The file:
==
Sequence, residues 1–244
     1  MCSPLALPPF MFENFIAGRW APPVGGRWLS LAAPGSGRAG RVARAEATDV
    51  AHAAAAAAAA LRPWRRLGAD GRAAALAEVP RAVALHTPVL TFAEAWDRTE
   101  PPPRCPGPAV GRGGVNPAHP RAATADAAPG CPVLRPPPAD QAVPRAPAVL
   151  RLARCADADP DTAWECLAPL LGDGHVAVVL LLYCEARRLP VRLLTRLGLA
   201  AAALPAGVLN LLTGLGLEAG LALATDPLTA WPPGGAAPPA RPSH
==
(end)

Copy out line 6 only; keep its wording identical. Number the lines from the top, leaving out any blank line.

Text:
   201  AAALPAGVLN LLTGLGLEAG LALATDPLTA WPPGGAAPPA RPSH